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Berkeley Center for New Media Announces Endowment

Photo by Craig Newmark. CONE sutro forest project.

Last year Craigslist founder Craig Newmark placed a camera that allowed thousands of people, collaboratively controlling it online, to capture images of birds from the deck of his home on the edge of the Sutro Forest in San Francisco. It was project developed by Ken Goldberg, now the Director of the Berkeley Center for New Media and Texas A & M University. It's a project that's a metaphor for all of his double-edged art/science projects, the tools are only valuable when it's possible to observe and understand how people use them in their natural habitats. The Berkeley Center for New Media has just announced an endowment of $1.6million from Craigslist, matched by $1.5 million from the William and Flora Hewlett Foundation for a total of $3.1 million. It will support research, symposia and lectures. Craigslist and the Center for New Media share "...interests in research areas such as privacy, reputation, trust, access and new ways to encourage socially constructive actions," said Goldberg. The Berkeley Alumni magazine said "The Center for New Media is less concerned with whiz-bang technologies than with old values—truth, depth, reliablitity, authenticity, aesthetics, and public service."

Goldberg's telerobotic art projects created around his research with the Industrial Engineering and Operations Research School at Berkeley were in the realm of what he termed "telepistemology", the study of ways of knowing, and the validity of what we know, if that knowledge is gained at a distance, through the internet. He encourages what he calls "the resumption of disbelief," being skeptical of what we find on the internet. His Dislocation of Intimacy project wondered if all that we discover about the world through the internet, which seems like everything, might be nothing more than the shadows on the walls seen by the prisoners in Plato's cave parable. He combined this with wondering about a place for genuine mystery and wonder in this world, with a mechanism that was a telerobotic version of Duchamp's hidden noise in ball of twine project. Whether to dismantle something to find out how it works or accept the mystery is a crucial question in today's world.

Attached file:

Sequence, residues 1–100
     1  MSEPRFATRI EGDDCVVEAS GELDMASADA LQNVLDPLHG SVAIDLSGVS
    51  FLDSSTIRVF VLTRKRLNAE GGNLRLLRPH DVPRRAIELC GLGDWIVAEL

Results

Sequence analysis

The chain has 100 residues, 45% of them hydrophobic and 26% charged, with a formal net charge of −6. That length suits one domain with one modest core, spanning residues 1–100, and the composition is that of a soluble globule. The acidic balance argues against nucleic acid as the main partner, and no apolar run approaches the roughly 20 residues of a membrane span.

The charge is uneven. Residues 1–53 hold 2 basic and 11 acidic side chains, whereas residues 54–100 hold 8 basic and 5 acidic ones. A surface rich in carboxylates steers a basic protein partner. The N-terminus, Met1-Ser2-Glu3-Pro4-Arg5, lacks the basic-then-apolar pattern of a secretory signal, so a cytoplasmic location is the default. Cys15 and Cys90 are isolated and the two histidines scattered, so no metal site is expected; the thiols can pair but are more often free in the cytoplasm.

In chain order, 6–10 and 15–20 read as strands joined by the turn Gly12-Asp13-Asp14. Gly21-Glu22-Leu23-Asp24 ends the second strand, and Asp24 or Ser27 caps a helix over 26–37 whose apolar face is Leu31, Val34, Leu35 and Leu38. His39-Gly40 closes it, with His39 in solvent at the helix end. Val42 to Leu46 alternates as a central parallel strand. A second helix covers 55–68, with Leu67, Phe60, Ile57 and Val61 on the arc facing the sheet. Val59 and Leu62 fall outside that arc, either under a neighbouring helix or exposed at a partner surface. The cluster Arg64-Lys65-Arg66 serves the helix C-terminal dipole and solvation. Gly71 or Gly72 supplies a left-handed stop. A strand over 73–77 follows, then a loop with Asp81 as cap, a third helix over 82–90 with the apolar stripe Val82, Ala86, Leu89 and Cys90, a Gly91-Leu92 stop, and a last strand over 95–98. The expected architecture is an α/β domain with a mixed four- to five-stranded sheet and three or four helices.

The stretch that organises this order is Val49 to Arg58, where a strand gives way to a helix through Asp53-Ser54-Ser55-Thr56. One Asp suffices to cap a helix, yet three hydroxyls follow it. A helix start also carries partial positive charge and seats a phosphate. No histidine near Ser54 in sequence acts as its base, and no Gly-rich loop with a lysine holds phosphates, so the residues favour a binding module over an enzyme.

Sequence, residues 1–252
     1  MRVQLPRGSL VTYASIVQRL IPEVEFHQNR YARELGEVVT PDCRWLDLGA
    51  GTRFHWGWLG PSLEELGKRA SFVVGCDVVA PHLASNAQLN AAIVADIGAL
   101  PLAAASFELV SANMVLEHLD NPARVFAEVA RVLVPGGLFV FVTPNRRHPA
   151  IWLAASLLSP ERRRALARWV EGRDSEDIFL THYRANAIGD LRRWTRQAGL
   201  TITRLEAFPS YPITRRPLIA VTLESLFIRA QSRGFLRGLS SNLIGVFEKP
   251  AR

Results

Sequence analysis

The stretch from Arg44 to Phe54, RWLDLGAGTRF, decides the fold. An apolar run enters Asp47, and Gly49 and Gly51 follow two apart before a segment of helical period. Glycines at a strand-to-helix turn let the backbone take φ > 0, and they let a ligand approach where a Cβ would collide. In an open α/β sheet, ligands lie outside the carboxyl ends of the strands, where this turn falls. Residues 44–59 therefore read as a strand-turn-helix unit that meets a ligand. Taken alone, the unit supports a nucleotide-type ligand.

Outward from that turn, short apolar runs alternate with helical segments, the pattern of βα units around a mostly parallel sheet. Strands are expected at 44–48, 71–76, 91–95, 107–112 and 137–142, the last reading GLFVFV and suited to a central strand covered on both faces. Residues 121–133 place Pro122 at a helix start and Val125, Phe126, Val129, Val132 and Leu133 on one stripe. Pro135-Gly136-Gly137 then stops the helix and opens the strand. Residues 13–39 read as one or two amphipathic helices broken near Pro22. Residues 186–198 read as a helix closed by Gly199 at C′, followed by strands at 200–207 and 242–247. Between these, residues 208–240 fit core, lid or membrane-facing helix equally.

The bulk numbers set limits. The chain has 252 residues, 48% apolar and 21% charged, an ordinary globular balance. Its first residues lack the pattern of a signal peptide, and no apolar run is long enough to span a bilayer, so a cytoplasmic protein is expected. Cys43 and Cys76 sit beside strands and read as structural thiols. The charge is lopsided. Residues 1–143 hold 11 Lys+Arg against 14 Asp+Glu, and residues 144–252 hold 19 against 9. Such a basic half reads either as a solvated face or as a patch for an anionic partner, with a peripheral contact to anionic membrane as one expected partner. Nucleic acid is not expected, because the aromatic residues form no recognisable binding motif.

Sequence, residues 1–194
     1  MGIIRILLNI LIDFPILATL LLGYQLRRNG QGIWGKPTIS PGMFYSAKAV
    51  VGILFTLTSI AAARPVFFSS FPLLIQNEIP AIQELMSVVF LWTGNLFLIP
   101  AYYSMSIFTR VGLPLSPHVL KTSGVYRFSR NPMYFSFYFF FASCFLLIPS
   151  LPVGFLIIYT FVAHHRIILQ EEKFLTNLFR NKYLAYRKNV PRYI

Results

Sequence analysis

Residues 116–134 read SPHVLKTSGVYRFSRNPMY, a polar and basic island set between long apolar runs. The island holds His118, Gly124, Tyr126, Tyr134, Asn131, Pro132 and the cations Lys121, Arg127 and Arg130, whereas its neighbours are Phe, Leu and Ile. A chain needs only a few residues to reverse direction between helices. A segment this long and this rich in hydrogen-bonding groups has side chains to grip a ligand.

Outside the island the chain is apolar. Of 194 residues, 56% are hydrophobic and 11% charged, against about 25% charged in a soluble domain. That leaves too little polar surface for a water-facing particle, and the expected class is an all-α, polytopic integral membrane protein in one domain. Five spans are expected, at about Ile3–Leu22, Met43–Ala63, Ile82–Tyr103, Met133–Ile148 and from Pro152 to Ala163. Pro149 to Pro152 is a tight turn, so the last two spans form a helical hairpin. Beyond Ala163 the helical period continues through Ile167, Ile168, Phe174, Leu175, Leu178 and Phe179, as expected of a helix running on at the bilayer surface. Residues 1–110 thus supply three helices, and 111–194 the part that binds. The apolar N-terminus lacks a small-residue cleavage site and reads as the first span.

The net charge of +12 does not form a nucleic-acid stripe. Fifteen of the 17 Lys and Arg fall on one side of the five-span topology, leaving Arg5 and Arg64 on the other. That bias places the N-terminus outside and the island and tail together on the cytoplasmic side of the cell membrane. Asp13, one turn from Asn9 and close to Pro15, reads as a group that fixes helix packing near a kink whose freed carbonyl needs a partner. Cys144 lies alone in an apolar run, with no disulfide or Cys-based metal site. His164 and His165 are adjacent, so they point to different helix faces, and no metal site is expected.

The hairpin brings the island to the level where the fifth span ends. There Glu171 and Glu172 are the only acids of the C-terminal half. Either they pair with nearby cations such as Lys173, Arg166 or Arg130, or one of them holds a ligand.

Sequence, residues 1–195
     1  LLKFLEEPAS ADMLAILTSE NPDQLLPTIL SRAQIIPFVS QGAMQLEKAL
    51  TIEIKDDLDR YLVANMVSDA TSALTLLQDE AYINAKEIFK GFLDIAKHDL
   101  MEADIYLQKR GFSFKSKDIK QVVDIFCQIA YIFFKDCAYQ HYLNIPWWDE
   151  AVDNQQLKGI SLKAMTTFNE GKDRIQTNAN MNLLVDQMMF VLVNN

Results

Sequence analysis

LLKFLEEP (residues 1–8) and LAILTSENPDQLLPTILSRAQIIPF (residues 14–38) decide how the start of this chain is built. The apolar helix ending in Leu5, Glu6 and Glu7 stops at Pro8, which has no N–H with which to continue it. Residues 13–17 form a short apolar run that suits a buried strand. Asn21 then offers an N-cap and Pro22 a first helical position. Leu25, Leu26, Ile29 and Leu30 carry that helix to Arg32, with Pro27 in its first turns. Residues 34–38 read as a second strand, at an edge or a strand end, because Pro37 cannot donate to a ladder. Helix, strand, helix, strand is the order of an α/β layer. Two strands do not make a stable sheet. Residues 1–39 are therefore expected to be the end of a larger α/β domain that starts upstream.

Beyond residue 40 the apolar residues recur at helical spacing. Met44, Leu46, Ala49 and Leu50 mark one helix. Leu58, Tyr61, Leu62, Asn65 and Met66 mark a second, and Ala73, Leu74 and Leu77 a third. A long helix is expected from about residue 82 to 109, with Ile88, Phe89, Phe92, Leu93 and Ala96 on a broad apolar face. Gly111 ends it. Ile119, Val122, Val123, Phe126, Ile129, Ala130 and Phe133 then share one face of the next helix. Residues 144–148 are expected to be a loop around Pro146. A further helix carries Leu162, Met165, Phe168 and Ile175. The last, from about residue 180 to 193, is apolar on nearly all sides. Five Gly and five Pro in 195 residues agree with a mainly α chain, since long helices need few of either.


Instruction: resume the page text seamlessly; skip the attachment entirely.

All of the telerobotic projects were available to anyone, anywhere online, and the opening up of university research to the world is part of an going mission. There's a Los Angeles Times article posted on the Berkeley Center for New Media's website that looks at the phenomenon of university lectures delivered through i-Tunes as free podcasts.

By making hundreds of lectures from elite academic institutions available online for free, Apple is reinvigorating the minds of people who have been estranged from the world of ideas.

For several years universities have posted recorded lectures on their internal websites, giving students a chance to brush up on their classes or catch ones they missed.

But 28 colleges and universities, including the Massachusetts Institute of Technology, Stanford and Yale, now post select courses without charge at iTunes.

The universities want to promote themselves to parents and prospective students, as well as strengthen ties with alumni. Some also see their mission as sharing the ivory tower's intellectual riches with the rest of the world.

"It was something we couldn't easily do before the digital age," UC Berkeley spokesman Dan Mogulof said.

Michelle Quinn. LA Times. November 24, 2007

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